In comparison to Mark and Luke, the First Gospel contains a striking preponderance of economic language in passages dealing with sin, righteousness, and divine recompense. For instance, sin is described as a debt, and righteous deeds are said to earn wages with God or treasure in heaven. This study analyzes Matthew's economic language against the backdrop of other early Jewish and Christian literature and examines its import for the narrative as a whole. Careful attention to this neglected aspect of Matthew's theology demonstrates that some of the Gospel's central claims about atonement, Jesus' death and resurrection, and divine recompense emerge from this conceptual matrix. By tracing the narrative development of the economic motif, the author explains how Jesus saves his people from their sins and comes to be enthroned as Son of Man, sheds new light on numerous exegetical puzzles, and clarifies the relationship of ethical rigorism and divine generosity.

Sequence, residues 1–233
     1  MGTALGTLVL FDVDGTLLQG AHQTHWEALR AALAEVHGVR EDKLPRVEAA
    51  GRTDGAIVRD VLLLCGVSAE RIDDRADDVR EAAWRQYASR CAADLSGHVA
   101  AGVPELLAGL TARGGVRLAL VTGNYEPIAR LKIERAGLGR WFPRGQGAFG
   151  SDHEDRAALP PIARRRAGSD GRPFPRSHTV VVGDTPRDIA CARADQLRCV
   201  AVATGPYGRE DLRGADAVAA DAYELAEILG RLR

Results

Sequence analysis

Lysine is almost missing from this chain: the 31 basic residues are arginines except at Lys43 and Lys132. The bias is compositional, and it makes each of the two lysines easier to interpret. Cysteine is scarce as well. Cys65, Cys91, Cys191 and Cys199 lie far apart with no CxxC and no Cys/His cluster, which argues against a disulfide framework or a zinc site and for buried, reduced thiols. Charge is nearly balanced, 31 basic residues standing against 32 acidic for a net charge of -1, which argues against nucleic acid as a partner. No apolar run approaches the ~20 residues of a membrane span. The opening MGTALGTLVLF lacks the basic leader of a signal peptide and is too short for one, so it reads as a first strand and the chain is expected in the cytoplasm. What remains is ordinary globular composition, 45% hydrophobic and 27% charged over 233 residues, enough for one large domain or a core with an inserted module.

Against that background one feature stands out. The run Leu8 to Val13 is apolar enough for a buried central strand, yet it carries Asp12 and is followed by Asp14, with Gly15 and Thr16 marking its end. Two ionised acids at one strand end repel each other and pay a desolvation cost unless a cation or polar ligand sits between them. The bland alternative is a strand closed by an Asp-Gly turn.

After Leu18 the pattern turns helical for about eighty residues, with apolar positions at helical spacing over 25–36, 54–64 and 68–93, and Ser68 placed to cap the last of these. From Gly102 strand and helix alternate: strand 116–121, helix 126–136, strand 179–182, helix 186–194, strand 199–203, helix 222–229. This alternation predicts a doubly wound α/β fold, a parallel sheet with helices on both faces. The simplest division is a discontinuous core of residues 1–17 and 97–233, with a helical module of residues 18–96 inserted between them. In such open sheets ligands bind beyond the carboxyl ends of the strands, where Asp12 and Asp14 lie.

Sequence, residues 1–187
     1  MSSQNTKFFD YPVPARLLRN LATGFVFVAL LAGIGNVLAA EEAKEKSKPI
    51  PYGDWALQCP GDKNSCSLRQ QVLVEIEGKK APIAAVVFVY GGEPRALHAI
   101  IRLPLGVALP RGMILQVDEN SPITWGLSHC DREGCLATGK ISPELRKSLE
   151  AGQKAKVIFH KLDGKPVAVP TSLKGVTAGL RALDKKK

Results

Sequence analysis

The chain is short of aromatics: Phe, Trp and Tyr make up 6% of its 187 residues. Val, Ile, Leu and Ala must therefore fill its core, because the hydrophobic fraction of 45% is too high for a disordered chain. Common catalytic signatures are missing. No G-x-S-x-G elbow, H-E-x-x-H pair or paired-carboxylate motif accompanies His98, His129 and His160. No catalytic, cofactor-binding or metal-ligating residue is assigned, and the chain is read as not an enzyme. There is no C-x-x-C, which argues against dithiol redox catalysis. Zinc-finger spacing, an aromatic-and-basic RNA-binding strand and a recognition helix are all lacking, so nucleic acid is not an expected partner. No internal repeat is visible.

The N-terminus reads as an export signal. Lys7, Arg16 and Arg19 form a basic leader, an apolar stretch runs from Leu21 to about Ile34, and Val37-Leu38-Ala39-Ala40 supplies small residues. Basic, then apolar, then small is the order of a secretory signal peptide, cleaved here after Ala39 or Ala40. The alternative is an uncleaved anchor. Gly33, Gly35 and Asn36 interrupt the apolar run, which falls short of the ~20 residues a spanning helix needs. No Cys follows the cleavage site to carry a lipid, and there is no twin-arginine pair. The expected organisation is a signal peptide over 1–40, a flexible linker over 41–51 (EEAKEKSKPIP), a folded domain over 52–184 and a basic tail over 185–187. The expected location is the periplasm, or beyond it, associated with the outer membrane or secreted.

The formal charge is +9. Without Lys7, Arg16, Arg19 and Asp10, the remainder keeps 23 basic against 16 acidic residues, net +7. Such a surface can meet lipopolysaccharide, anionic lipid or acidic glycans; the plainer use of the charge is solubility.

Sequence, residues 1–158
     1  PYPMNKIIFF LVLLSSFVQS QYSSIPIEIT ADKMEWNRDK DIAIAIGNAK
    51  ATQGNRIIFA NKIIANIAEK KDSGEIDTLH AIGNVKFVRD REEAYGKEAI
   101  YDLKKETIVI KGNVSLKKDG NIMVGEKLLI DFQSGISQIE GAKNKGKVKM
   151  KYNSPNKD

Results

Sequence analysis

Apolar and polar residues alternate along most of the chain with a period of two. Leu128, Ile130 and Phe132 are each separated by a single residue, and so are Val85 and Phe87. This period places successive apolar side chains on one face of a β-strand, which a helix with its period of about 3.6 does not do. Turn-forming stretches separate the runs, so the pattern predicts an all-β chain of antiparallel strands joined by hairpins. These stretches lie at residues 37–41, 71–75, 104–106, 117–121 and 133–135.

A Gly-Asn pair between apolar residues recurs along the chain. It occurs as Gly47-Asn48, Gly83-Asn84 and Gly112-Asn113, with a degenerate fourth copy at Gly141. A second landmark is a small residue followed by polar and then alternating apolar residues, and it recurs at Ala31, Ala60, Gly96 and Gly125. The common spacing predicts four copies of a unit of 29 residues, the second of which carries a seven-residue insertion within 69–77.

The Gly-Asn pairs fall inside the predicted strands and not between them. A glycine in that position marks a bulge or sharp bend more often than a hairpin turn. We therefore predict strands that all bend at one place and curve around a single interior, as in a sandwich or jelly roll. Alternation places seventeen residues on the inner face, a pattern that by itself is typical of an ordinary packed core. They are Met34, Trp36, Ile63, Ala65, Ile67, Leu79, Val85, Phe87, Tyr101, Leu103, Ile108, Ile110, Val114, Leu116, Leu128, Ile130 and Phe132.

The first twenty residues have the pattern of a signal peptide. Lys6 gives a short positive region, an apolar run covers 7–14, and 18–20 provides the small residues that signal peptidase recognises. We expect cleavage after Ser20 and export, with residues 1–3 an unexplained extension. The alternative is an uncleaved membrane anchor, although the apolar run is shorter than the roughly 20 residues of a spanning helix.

Wages of Cross-Bearing and Debt of Sin
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